Part of our success is the result of the globally-oriented outlook of our companies. We depend on positive working relationships with our trading partners and access to foreign markets to sell our goods and services worldwide.
Unfortunately, the president’s erratic and unilateral moves undermine everything we’ve done to build up markets for our world-class products. The losers in these deals are Washington’s hard-working, job-creating manufacturers and growers and their customers.
Retaliatory tariffs from our trading partners will be soon be imposed on an estimated $1.8 billion worth of Washington exports, including more than $1 billion in agricultural products, according to the Washington State Department of Commerce.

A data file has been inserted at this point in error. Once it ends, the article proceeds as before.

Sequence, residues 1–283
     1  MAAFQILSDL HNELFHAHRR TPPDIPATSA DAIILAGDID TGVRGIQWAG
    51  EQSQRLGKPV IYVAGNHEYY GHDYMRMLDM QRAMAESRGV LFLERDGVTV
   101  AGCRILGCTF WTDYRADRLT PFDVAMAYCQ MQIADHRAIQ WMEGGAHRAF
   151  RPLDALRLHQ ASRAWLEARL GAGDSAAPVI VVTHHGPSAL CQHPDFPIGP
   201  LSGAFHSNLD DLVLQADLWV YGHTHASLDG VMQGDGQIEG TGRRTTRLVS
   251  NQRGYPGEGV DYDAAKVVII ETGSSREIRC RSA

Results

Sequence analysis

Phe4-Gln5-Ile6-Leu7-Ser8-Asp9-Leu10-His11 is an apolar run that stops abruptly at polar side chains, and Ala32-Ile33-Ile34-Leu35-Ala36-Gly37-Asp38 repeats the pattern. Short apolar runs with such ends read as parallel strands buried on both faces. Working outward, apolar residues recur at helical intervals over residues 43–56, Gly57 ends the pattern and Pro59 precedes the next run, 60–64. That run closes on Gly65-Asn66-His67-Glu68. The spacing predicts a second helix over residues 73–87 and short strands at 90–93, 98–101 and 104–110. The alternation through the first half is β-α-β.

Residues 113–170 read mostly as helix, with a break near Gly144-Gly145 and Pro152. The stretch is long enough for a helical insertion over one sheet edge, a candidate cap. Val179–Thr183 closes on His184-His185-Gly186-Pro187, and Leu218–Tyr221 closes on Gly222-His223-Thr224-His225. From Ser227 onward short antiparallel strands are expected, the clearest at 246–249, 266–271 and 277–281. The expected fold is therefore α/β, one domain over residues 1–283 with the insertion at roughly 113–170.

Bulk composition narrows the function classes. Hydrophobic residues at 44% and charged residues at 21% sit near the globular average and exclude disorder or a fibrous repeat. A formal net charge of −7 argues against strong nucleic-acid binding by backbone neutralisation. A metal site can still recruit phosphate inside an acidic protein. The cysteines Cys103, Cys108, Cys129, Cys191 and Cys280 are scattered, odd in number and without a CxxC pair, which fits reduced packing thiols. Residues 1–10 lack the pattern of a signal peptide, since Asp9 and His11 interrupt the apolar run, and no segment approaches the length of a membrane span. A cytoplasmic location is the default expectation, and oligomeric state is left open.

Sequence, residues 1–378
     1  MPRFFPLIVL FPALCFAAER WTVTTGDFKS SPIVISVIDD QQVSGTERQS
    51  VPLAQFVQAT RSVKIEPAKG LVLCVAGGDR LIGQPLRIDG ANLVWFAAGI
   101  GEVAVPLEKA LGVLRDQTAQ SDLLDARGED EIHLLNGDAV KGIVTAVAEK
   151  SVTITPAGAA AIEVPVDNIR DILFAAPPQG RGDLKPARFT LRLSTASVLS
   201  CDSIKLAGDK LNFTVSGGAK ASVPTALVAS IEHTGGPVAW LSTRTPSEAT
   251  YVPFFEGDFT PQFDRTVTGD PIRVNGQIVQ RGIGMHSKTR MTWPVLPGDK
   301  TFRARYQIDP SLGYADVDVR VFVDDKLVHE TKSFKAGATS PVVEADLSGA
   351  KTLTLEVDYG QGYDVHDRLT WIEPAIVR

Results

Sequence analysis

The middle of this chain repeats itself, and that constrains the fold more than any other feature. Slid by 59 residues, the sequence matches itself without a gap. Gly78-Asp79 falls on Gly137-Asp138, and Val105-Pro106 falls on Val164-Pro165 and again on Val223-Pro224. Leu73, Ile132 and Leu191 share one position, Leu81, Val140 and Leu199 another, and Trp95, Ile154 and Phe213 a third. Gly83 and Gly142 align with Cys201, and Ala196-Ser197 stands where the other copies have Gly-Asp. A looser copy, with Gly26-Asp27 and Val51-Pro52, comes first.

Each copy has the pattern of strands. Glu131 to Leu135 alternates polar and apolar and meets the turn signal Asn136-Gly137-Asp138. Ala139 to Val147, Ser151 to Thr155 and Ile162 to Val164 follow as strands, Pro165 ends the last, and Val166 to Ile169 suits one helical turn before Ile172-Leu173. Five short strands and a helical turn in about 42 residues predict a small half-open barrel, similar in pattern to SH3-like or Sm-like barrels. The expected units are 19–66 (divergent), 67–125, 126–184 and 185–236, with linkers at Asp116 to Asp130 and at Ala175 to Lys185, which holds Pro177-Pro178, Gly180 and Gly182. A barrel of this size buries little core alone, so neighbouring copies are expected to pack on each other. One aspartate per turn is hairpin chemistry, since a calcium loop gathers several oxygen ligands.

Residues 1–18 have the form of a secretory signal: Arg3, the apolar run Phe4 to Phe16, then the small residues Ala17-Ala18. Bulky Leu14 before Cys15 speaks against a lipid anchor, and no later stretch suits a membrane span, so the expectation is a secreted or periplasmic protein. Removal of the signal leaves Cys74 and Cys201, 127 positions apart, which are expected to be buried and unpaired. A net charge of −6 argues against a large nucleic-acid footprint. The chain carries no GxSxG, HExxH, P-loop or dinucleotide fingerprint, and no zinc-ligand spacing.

As one of the most trade-focused states in the nation, there’s a lot at stake for Washington workers if the administration fails to work constructively through the multilateral trade system.
Washington’s top exports are aerospace products including civilian aircraft, engines and parts. Agriculture is another significant export with more than $8 billion of homegrown apples, cherries, hops, pears, wheat and potatoes shipped to foreign markets last year.
Washington’s ports are the closest mainland U.S. ports to Asia and the proximity means about two-thirds of all Washington agricultural exports are destined for Asia. The ports of Seattle and Tacoma are the third-largest gateway in North America. Any punitive tariffs to Asian markets are felt deeply in the Evergreen State.